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FC Home Mental Illness in Children Post Traumatic Stress Disorder


The information below is reprinted from the website WebMD.  If you wish to learn more about post traumatic stress disorder (PTSD) in youth, please visit their website at www.webmd.com.  If you have concerns about your child's behavioral health and wish to talk with someone, or have your child undergo an evaluation, please contact the Fulton County Oak Hill Child, Adolescent & Family Center at (404) 612-4111. 

The facility provides behavioral health services to youth between the ages of 0 to 21 years old, and is operated by the Fulton County Department of Behavioral Health & Developmental Disabilities.   Below is information on post traumatic stress disorder (PTSD) from the WebMD website:



According to WebMD, children are exposed to various forms of traumatic events and violence.  natural disasters, such as tornados or earthquakes, have little potential for being personalized, so they lie on one end of this continuum.  In contrast, victims of rape or torture usually face their assailants.  The more personal the trauma, the more likely long-term psychological problems are to arise from it.

Such traumas are also more likely to include elements of anger and hostility.  In addition, childhood experiences such as sexual abuse may interfere with a child's development and affect him or her throughout life.  Some statistics on youth and PTSD are listed below:

  • Five million children are exposed to a traumatic event in the U.S. every year, amounting 1.8 million new cases of PTSD.¬† Some 36% of children who experience traumatic events develop PTSD, compared with 24% of adults.
  • The younger a child is at the time of the trauma, the more likely he or she is to develop PTSD.¬† 39% of preschoolers develop PTSD in response to trauma, while 33% of middle school children and 27% of teens develop PTSD.



Young Children (1 to 6 years old)

  • Helplessness and passivity, lack of usual responsiveness
  • Generalized fear
  • Heightened arousal and confusion
  • Cognitive confusion
  • Difficulty talking about the event
  • Difficulty identifying feelings
  • Nightmares, sleep disturbances
  • Separation fears and clinging to caregivers
  • Regressive symptoms (for example, returning to bed-wetting or loss of speech/motor skills)¬†¬†
  • Inability to understand death as permanent
  • Anxieties about death
  • Grief related to abandonment by caregiver
  • Physical symptoms (such as stomach aches, headaches)
  • Startled response to loud noises
  • Freezing (sudden immobility)¬†
  • Fussiness, uncharacteristic crying, neediness
  • Avoidance of or alarm response to specific trauma-related reminders involving sights, physical sensations¬†

Signs & Symptoms in School-Aged Children (6 to 11 years old)

  • Feelings of responsibility and guilt
  • Repetitious traumatic play
  • Feeling disturbed by reminders of the event
  • Nightmares, and other sleep disturbances
  • Concerns about safety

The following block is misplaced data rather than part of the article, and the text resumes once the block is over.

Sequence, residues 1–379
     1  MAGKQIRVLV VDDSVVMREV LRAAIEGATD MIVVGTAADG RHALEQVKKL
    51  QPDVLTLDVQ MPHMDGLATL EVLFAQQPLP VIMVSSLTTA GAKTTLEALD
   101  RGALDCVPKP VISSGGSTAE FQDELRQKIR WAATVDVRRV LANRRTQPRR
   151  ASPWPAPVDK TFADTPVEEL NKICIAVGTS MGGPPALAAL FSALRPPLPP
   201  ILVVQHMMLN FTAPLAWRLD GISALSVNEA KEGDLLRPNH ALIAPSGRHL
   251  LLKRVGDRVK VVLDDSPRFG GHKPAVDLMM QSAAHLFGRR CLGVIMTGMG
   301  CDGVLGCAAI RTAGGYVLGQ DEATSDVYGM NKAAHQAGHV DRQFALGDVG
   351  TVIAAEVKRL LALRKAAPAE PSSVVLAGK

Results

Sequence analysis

• Aggressive behavior, angry outbursts
  • Fear of feelings, trauma reactions
  • Close attention to parents' anxieties
  • School avoidance
  • Worry/concern for others
  • Behavior, mood, personality changes
  • Physical symptoms (complaints about bodily aches and pains)
  • Obvious anxiety/fearfulness
  • Withdrawal
  • Specific trauma related fears, general fearfulness
  • Regression (behaving like a younger child)
  • Separation anxiety
  • Loss of interest in activities
  • Confusion, inadequate understanding of traumatic events (more evident in play than in discussion)
  • Unclear understanding of death, causes of bad events
  • Giving magical explanations to fill in gaps in understanding
  • Loss of ability to concentrate at school, with lower performance
  • Spacey or distractible behavior

Pre-adolescents and adolescents (12 to 18 years old)

  • Self-consciousness
  • Life-threatening re-enactment
  • Rebellion at home or school
  • Abrupt shift in relationships
  • Depression, social withdrawal
  • Decline in school performance
  • Trauma driven acting out, such as sexual activity or other reckless risk-taking
  • Effort to distance self from feelings of shame, guilt, humiliation
  • Excessive activity/involvement with others, or retreat from others in order to manage inner turmoil
  • Accident proneness
  • Wish for revenge, action - oriented responses to trauma
  • Increased self-focusing, withdrawal
  • Sleep/eating disturbances, including nightmares


According to WebMD, treatment of children with PTSD should include the involvement of parents and other important people such as teachers and school counselors in the child's life.  Treatment of traumatic stress in adults is generally focused on individual treatment or group therapy with other individual adults who have experienced a similar type of trauma.

If you have questions or concerns that your child may be experiencing PTSD, please call the Fulton County Oak Hill Child, Adolescent and Family Center at (404) 612-4111.








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